Bernhard and Horn prepared for battle, but they were by now rivals, Gustaf Horn was captured, the Swedish army was destroyed, and the remainder that fled to Heilbronn was only a shadow of the former glorious army. At the end of 1634 he entered Brussels with all the glory befitting a Governor-General, due to the unpopularity of the clergy in Brussels, he downplayed his religious status and instead emphasized his worldly ranks. Ferdinand was a politician and diplomat, and quickly reformed the government. He especially managed to win the support of the Flemings against France, his powers were secretly limited, and the leader of his army was instructed to follow Spanish orders instead of Ferdinands orders if necessary. In 1635 the French attacked Namur, planning to merge with the Dutch near Maastricht, the Dutch hesitated, and the French retreated. Ferdinand subsequently was able to capture Diest, Gennep, Limbourg, on October 10,1637, Breda was recaptured again after a 10-month siege by the Prince of Orange after being under Spanish control for 12 years.
In the southern front Ferdinand lost the towns of La Capelle and Damvillers to the French, in 1638 Ferdinands army successfully defended Antwerp, Saint-Omer and Geldern from the Dutch and French armies
Bohemia is the westernmost and largest historical region of the Czech lands in the present-day Czech Republic. Bohemia was a duchy of Great Moravia, an independent principality, a kingdom in the Holy Roman Empire, and subsequently a part of the Habsburg Monarchy, after World War I and the establishment of an independent Czechoslovak state, Bohemia became a part of Czechoslovakia. Between 1938 and 1945, border regions with sizeable German-speaking minorities of all three Czech lands were joined to Nazi Germany as the Sudetenland, in 1990, the name was changed to the Czech Republic, which become a separate state in 1993 with the dissolution of Czechoslovakia. Until 1948, Bohemia was a unit of Czechoslovakia as one of its lands. Bohemia was bordered in the south by Upper and Lower Austria, in the west by Bavaria and in the north by Saxony and Lusatia, in the northeast by Silesia, and in the east by Moravia. In the 2nd century BC, the Romans were competing for dominance in northern Italy, the Romans defeated the Boii at the Battle of Placentia and the Battle of Mutina.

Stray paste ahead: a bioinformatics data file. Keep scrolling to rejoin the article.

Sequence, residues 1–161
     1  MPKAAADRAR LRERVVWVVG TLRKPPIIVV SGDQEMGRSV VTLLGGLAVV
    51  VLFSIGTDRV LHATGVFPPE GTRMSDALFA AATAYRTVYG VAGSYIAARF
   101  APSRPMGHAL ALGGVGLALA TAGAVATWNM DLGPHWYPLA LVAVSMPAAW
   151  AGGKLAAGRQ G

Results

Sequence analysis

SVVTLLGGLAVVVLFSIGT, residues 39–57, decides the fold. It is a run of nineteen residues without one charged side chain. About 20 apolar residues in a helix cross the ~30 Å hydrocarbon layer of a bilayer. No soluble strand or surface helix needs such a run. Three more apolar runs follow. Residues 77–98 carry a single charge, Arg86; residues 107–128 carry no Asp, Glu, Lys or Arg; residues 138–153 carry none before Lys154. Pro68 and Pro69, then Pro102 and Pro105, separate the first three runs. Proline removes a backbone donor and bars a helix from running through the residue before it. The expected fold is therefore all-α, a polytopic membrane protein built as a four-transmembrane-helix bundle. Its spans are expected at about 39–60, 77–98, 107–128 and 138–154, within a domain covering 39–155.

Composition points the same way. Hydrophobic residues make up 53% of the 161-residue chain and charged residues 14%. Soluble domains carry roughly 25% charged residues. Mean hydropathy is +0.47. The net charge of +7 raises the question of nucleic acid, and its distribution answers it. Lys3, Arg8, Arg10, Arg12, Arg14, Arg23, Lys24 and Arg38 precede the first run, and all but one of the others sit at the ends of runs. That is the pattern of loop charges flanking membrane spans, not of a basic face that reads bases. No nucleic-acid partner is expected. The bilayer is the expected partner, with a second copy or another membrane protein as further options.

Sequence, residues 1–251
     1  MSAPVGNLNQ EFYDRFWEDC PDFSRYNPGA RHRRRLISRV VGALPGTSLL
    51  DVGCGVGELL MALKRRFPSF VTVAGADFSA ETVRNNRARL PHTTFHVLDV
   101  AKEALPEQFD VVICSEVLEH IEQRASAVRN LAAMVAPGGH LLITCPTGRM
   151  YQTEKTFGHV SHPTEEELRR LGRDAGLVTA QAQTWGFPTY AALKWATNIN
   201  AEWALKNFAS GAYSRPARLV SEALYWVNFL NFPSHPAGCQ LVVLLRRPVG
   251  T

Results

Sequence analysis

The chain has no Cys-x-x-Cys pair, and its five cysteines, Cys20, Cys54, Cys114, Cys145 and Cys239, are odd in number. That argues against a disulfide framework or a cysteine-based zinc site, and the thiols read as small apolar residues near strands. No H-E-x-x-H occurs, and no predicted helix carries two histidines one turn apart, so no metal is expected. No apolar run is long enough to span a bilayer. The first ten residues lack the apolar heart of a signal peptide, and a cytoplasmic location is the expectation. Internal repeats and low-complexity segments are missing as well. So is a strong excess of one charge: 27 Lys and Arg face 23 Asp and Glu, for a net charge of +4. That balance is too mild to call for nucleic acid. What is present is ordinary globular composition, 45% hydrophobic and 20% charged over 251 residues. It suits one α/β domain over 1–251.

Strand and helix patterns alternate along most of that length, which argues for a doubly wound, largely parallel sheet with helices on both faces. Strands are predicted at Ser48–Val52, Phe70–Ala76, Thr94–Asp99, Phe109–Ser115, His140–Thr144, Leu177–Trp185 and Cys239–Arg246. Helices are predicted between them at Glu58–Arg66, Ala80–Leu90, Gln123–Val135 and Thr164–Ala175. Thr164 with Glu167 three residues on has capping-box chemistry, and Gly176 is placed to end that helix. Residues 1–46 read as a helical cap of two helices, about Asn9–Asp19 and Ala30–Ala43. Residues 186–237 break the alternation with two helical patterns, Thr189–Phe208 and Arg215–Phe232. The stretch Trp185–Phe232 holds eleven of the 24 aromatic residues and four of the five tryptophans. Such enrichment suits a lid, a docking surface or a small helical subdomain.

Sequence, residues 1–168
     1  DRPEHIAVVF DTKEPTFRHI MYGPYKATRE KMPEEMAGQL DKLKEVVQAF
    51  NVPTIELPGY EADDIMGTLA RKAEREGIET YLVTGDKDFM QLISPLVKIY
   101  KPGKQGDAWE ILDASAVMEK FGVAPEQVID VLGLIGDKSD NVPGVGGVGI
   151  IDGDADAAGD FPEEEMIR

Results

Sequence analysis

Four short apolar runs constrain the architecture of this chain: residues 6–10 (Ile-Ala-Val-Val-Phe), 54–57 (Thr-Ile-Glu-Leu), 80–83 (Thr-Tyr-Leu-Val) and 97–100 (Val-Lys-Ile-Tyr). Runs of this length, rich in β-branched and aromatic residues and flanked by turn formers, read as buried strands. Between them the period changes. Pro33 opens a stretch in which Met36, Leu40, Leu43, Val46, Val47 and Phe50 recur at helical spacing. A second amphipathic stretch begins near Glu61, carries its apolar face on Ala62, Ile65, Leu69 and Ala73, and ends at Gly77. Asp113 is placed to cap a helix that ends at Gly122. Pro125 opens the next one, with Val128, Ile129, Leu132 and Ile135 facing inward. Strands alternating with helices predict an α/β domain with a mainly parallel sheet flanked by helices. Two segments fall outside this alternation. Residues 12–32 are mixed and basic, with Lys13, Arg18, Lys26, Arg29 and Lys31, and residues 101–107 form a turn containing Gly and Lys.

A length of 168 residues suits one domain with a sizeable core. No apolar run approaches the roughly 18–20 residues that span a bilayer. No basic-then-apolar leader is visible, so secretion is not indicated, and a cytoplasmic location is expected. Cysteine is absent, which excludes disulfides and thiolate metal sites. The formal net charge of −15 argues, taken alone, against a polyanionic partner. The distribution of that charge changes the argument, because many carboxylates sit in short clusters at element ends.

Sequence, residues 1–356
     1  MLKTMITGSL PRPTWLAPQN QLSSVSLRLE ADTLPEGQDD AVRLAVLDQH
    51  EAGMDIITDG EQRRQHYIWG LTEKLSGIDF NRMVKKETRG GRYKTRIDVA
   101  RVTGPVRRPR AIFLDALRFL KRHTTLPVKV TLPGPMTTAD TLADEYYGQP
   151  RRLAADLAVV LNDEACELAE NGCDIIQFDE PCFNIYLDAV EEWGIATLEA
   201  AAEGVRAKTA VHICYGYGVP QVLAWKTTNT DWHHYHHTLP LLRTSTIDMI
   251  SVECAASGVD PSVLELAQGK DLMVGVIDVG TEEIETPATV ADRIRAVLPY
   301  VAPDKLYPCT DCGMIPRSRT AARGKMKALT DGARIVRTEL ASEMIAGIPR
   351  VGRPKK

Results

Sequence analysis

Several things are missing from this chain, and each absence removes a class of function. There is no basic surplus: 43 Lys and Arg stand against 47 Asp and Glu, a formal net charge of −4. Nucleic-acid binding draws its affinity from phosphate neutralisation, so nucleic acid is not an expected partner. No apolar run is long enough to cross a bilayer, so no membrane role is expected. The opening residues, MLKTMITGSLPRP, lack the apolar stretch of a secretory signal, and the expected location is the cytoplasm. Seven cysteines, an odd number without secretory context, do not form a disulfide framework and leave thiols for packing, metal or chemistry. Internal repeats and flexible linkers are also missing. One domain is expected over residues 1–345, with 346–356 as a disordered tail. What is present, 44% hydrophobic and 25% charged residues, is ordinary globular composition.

After this, many of the Boii retreated north across the Alps, much Roman authors refer to the area they had once occupied as Boiohaemum. The earliest mention was by Tacitus Germania 28, and mentions of the name are in Strabo. The name appears to include the tribal name Boi- plus the Germanic element *haimaz home and this Boiohaemum was apparently isolated to the area where King Marobods kingdom was centred, within the Hercynian forest. The Czech name Čechy is derived from the name of the Slavic ethnic group, the Czechs, like neighbouring Bavaria, is named after the Boii, who were a large Celtic nation known to the Romans for their migrations and settlement in northern Italy and other places. Another part of the nation moved west with the Helvetii into southern France, to the south, over the Danube, the Romans extended their empire, and to the southeast in Hungaria, were Sarmatian peoples. In the area of modern Bohemia the Marcomanni and other Suebic groups were led by their king Marobodus and he took advantage of the natural defenses provided by its mountains and forests.